The world of real estate finance has been tumultuous to say the least. There are still fundamental problems with the mortgage market that affect every potential borrower. Of course, like many tough situations, there are both positives and negatives. Let’s look at both and what they mean to you.
The good: In case you haven’t noticed, the interest rates on mortgages have dropped again. Thirty-year mortgage rates are below 5 percent and 15-year terms are in the mid to low 4 percent range. Low interest rates, coupled with the historically low real estate prices and the large number of homes for sale, have created a tremendous opportunity for potential homeowners.
When you include the tax credit for first-time homebuyers, you have market incentives that are rarely seen. Manatee County buyers are taking advantages of these incentives with single-family home purchases increasing 37 percent to 297 for September 2009 from 213 sales in September 2008. We all welcome any reduction to the inventory of homes for sale.
The bad: The lenders are not approving many loans. Figures recently published by the Federal Reserve HMDA report for 2008 show application turndown rates of 32.3 percent, almost 4 million potential mortgagees denied. Until there is liquidity in the credit market, we will continue to see a depressed housing market.
Additionally, taxes and insurance prices have not dropped with the market real estate prices; this is keeping potential homebuyers out of the market. Property taxes in the $4,000 – $5,000 are not uncommon for homes selling in the low $100,000’s. Appraisals still seem to be leaning toward the lowest common denominator with many transactions between willing sellers and approved buyers nixed by low valuations.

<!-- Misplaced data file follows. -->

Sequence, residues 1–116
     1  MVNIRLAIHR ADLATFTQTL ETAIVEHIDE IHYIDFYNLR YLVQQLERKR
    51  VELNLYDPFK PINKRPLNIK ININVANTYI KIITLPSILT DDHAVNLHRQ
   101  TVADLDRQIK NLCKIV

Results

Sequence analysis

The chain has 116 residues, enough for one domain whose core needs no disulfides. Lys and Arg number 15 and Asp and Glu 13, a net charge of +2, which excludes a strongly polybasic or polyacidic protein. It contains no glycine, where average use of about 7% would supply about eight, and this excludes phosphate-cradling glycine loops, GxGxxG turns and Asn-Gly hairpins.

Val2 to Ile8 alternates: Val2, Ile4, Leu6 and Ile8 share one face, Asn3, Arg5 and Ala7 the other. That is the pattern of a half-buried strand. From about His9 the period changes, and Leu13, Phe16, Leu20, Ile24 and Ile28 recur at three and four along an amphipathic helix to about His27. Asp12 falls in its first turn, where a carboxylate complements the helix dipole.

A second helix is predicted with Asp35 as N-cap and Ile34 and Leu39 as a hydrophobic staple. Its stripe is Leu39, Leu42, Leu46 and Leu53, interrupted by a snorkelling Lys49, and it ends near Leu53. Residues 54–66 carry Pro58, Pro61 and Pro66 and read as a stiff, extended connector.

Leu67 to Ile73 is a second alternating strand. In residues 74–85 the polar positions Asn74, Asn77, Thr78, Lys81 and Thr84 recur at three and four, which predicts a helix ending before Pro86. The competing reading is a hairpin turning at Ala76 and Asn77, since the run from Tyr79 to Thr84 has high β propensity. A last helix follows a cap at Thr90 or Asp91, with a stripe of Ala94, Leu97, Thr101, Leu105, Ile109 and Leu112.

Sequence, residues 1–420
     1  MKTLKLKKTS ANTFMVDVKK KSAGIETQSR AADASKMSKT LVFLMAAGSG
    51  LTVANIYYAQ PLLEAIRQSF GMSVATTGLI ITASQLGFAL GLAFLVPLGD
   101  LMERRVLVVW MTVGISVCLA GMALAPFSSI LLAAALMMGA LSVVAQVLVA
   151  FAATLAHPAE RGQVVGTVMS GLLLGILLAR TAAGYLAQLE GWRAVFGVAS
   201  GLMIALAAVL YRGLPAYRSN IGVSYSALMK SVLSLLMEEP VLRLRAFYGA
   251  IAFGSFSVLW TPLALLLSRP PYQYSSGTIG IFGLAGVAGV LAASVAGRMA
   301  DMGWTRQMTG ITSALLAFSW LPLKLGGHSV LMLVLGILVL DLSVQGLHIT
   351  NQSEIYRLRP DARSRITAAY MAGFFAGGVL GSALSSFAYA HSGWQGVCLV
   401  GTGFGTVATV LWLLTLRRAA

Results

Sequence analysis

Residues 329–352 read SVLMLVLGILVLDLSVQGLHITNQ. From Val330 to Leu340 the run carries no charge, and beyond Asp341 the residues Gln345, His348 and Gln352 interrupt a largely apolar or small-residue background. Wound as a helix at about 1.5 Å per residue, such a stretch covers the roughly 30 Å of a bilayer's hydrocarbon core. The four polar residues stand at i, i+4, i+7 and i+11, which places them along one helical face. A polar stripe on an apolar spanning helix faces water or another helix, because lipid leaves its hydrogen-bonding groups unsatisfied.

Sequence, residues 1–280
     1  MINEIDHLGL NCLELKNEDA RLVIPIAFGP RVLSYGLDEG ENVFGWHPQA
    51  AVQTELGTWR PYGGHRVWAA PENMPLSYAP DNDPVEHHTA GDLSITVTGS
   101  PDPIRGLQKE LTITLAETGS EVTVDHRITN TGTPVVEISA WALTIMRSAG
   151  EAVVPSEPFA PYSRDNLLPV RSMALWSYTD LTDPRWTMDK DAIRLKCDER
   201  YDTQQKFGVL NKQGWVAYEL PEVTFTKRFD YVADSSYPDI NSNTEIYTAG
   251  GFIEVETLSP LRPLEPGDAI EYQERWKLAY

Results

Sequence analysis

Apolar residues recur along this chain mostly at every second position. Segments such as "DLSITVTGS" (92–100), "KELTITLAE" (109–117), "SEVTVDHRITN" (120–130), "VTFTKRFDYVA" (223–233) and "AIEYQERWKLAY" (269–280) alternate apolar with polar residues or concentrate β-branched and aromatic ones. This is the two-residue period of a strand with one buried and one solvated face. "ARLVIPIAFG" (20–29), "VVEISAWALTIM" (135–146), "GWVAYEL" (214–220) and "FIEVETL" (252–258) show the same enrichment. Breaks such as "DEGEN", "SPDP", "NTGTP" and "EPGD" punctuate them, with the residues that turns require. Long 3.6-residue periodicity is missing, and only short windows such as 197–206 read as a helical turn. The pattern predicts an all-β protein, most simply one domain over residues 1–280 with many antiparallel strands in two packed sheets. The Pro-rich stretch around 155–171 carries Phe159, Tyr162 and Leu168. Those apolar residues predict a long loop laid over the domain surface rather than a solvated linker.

The government: The government’s response to the housing crisis has not been strong to say the least. People are losing their homes because bank or servicing companies will not assist with modifications; ironically, the same companies are often receiving much less total compensation through foreclosure in a weak housing market. This is being done by the same entities that accepted public money in the TARP bailout. A congressional panel formed to review the federal reserve TARP funding recently released a report that states the plan to help troubled homeowners has been largely ineffective and will fall short of the goal of aiding 4 million to 5 million distressed homeowners. This is not news to the many people who have tried to navigate the loan modification process and have been turned away.
One of the few bright spots originated by the government has been the first-time homebuyer tax credit of $8,000. The tax credit was set to expire Nov. 30, however, it has recently been extended through April 2010. Agree with it or not, this tax credit has given the real estate market some much needed life. What other positive actions, if any, that will be taken by our elected representatives remains to be seen.
Brian McMahon, a licensed mortgage broker, can be reached at (941) 720-2573.